Looks like a calculator, works like a credit card
An Australian technology firm has come up with a unique battery power super card, which they believe can fight online fraud.
The company reckons that it can stop up to $1 billion a year in credit card fraud with its new revolutionary invention.
The card, which includes an alpha-numeric display, built-in microprocessor, a keypad and three years of battery power, will display a one-time number with which to authenticate each online credit card transaction, whenever the user will enter the pin number.
The technology was developed by a small Deloitte-backed technology firm based in Adelaide and Melbourne called EMUE Technologies.
EMUE’s chief executive, Brendan McKeegan, said trials would begin with an Australian bank in the first quarter of next year. Each card costs around five times more than a regular credit card to produce and will be sold to bank customers for between $18 and $30 each. This week Visa announced it was piloting EMUE’s technology at one bank each in Britain, Israel, Switzerland and Italy. The bank in Britain is Bank of America.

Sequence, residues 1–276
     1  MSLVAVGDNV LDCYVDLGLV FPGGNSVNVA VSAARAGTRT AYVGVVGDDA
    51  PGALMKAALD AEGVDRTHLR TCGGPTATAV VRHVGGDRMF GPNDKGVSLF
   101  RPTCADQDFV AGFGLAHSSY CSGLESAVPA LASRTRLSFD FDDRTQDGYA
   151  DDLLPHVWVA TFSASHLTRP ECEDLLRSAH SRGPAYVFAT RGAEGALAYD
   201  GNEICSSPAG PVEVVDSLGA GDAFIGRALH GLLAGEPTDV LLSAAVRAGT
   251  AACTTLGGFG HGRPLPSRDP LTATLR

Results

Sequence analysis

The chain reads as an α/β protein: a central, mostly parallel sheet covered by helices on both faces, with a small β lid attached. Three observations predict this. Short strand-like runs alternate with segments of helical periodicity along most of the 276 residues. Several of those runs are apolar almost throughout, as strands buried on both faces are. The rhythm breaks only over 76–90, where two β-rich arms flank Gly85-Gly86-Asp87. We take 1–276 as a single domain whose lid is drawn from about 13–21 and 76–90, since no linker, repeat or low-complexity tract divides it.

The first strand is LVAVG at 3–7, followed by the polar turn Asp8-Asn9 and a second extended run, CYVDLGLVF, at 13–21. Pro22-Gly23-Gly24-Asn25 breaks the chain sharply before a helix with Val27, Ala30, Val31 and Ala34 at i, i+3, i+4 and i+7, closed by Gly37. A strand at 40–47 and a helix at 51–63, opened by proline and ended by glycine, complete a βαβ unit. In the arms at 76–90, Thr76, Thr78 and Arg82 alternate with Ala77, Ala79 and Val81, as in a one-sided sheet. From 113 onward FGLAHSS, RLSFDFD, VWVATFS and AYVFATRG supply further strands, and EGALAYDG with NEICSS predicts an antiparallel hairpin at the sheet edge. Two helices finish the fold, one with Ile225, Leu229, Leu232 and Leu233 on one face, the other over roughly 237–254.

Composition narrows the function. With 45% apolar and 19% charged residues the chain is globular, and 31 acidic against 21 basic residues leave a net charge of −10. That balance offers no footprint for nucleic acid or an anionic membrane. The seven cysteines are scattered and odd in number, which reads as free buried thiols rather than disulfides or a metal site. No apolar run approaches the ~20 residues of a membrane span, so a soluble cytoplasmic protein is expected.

Mc Keegan said the technology could also be used for verifying your bank’s identity when it calls you over the phone. “When the card is created for the user it has a unique seed on it, and that unique seed is stored with the bank … along with the pin the user chooses,” he said.
“If I enter the wrong pin into the credit card it will still generate a number for me, but when I put that into the browser to buy something it will reject that as a transaction, he added.
Via The Times